Advocates Discuss Strategies To Counteract The Problems Of Undocumented Immigrants

Local activists and representatives from groups based in other states meet in Houston.


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Some immigration advocates and activists think Texas is becoming an increasingly stressful atmosphere for undocumented immigrants.

Advocates from states like Arizona, California and Maryland met in Houston this week with local counterparts to come up with plans and strategies to counteract what they see as a problem for the undocumented community.

Kate Vickery leads the Houston Immigration Legal Services Collaborative, which includes organizations such as Catholic Charities, the YMCA's International Services and Baker Ripley Neighborhood Center.

Vickery says one of the main conclusions of the conference is that Houston needs more lawyers that will work with undocumented immigrants who are now at risk of deportation and who will do it offering affordable prices or working pro-bono.

Vickery also thinks the recently passed Texas law about so-called sanctuary cities, commonly known as SB4, is just one of the problems because it "exacerbates what has already happened in terms of changes in national policy and executive orders on immigration, which already expanded the priorities for who is deportable."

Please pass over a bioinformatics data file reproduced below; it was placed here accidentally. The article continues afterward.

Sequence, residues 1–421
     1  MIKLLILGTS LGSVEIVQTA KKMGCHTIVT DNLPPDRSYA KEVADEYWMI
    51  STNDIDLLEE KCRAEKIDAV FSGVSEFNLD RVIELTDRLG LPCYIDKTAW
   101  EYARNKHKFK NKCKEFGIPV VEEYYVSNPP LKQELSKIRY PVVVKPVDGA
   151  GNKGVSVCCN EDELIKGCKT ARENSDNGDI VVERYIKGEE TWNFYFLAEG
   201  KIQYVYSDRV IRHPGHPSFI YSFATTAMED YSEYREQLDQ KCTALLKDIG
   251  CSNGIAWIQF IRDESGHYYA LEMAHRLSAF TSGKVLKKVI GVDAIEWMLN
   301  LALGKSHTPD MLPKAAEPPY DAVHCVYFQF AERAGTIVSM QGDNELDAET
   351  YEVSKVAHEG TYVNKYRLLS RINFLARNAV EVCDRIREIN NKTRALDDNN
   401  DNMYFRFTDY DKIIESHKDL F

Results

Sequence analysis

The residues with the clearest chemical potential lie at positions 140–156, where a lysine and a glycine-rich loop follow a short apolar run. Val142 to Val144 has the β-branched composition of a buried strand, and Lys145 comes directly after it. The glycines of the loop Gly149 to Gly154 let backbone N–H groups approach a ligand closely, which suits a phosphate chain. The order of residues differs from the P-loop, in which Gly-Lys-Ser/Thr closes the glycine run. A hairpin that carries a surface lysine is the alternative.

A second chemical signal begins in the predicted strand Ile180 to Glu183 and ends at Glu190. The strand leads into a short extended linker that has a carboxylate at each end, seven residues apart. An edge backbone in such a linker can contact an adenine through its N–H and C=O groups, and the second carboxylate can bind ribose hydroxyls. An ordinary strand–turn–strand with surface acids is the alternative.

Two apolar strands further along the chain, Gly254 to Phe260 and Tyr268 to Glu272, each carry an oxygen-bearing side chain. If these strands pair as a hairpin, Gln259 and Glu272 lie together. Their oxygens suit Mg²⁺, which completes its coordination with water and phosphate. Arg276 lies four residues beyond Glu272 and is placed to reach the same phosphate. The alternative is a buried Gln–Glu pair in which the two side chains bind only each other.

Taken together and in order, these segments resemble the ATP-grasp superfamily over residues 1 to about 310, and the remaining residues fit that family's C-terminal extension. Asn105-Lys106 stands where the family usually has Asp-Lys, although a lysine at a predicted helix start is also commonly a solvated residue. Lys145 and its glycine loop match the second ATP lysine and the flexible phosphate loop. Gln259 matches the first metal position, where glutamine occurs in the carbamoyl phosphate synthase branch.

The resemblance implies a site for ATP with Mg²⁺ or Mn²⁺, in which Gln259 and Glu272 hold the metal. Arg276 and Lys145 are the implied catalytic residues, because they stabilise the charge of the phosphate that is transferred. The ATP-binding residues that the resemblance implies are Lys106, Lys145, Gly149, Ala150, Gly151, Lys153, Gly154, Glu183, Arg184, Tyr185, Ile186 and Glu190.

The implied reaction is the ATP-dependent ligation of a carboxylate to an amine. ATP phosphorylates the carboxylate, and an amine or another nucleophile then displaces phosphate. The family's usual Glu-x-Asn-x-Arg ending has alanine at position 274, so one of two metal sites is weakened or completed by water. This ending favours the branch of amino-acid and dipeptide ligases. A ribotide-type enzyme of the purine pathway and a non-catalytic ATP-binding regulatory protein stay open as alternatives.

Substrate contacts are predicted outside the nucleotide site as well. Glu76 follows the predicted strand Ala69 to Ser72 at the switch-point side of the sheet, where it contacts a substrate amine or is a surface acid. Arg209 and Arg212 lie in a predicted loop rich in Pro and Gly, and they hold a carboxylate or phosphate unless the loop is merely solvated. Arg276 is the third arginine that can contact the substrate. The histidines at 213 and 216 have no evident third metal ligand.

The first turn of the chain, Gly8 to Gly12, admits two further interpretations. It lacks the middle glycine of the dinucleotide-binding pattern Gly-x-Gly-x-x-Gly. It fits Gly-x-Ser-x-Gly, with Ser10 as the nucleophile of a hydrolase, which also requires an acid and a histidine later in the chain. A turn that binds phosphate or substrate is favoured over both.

Adonías Arévalo is the Texas coordinator for United We Dream (UWD), which is the largest dreamer group in the United States.

Arévalo, who is a beneficiary of the Deferred Action for Childhood Arrivals (DACA) program, says the fear of SB4 and of more strict deportation guidelines is already impacting Houston's undocumented community.

"Taking the bus, instead of driving, people not being able to go, you know, to the places they go of worship or their church," lists Arévalo as some examples of that impact.

Pastor John Ogletree is a member of The Metropolitan Organization (TMO), a local multi-faith group that advocates for comprehensive immigration reform that is directly trying to lobby with politicians that represent Texas in Congress.

"Those are our targets, to meet with Congressman Culbertson, talk to him, Congressman Poe, as well as Senator Cornyn," Ogletree tells Houston Public Media and adds his group is aiming at Capitol Hill because they still see a small opportunity for comprehensive immigration reform.

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